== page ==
Written and directed by Daniel John Peters, a young couple are expecting a new-born but one of them has an unexpected turn in life. Starring: Eve Gordon, Adam Bennett, Catherine Hayes and Mike Sengelow.
With a film so filled with tragedy and utterly focused on a singular character, it’s inevitable that a huge amount of its success will rest on the shoulders of its lead actor, in this case Eve Gordon. She gives a very raw, broken performance, bringing through the soul-shattering events that her character has had to go through. There’s a very clear negative evolution to her character as time goes on and while the process itself isn’t entirely fresh, she brings it forth in a saddening fashion, it’s a great reflection on a harsh reality. The chemistry that she has with Bennett as her husband Rob is strong, it’s intensely cheesy and cutesy but they are still a convincing couple and that natural connection balances out the overly rosy air to their relationship.
While Gordon is leading the charge confidently, she can’t offset the inherent issue with this story which is that it has one point to make and makes it repeatedly for 60-minutes. The utterly tragic events that kick off this film’s journey are a perfect way to introduce its overall theme of how harrowing experience change and influence our path in life. However, as you wait for it to then reach a deeper level, it instead takes a completely different direction and adds in sporadic moments of violence which it doesn’t feel thematically or tonally prepared to handle. It attempts a darkness that’s out of place and disconnects you from its story. There’s not a need for every film to have a happy ending, there’s undeniably no way this story could end in happiness but it’s relentlessly determined to keep pushing how terrible life can be and at a certain point that loses its purpose. It’s something people can relate to yes, but that alone is not enough.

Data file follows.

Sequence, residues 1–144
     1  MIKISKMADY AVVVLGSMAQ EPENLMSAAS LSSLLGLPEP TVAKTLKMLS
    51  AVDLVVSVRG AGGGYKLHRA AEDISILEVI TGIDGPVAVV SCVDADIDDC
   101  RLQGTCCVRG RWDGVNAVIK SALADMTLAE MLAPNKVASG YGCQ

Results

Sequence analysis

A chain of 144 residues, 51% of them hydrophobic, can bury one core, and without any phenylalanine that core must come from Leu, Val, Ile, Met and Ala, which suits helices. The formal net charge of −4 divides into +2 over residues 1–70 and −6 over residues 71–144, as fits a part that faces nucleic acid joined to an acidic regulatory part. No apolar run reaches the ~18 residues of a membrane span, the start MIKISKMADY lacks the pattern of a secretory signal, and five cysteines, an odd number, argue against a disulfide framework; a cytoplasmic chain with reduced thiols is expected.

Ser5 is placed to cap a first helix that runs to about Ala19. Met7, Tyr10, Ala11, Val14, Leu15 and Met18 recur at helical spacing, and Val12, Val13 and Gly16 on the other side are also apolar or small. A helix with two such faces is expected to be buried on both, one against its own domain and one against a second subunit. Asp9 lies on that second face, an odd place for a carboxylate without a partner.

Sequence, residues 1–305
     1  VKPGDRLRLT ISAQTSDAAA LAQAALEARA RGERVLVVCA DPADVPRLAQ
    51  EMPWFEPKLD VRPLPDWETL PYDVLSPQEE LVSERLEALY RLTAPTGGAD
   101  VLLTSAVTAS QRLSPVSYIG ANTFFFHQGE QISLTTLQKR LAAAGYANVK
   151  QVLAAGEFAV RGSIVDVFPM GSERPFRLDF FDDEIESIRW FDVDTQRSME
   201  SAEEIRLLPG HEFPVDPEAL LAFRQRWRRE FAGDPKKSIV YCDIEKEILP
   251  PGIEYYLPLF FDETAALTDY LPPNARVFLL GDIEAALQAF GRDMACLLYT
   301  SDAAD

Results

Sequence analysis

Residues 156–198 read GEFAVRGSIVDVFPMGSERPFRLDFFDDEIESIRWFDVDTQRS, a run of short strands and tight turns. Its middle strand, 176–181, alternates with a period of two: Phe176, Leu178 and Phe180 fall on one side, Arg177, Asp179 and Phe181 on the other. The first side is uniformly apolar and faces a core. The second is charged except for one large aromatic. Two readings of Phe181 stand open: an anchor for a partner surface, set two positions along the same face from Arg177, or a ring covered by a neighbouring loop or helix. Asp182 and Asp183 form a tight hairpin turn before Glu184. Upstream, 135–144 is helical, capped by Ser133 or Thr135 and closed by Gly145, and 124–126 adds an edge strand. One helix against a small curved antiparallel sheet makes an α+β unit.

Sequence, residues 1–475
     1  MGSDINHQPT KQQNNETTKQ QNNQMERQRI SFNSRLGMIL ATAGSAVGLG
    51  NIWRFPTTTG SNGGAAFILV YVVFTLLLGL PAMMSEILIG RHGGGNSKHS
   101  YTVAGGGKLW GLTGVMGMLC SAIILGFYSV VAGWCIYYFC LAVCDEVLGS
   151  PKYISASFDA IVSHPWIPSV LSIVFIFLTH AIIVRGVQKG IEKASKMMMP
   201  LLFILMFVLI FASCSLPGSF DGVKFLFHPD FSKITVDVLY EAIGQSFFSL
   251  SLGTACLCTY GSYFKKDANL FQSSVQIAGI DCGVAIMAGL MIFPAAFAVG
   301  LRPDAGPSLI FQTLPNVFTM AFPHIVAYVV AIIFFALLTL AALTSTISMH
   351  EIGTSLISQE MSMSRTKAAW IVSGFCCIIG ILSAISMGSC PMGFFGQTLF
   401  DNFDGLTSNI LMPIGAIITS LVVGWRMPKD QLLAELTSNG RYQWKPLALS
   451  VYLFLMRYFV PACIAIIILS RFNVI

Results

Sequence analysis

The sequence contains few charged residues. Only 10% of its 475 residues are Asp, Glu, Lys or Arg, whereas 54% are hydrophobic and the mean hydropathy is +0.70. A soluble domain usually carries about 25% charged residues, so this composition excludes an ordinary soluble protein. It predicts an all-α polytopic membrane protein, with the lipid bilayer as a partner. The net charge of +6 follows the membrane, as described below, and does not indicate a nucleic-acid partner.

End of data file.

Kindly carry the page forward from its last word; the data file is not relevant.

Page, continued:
It’s not the only issue, there are moments to the dialogue that feel clumsy and its use of time feels unclear. There’s also a very overt use of the score that needed a little more subtlety to avoid undercutting the emotion of Gordon’s performance. Regardless, the direction is otherwise consistent throughout, there’s a couple of attempts at experimental angles which don’t feel necessary or have too much to add but they’re few and far between. It otherwise captures the lost, shattered atmosphere that its story is creating. Although there is a purposeful use of repetition which doesn’t feel too effective, much like the story it makes its point early on and then needed a bit more forward momentum to keep its energy flowing.
Save Jane clearly shows how traumatic life events can send people down a spiralling, destructive path but it doesn’t have much more to say. It’s stuck on one message and a surprisingly consistently negative one which begins to lack purpose, it needed to dig deeper and reach a larger, more complex emotional level. As it enters its latter moments it tries to take on a heavier amount of darkness which doesn’t gel with the rest of the film, it doesn’t have the matching atmosphere or tone to pull off such drastic turns. The direction is solid and Eve Gordon’s performance is great but it needed a more layered story to bring everything together.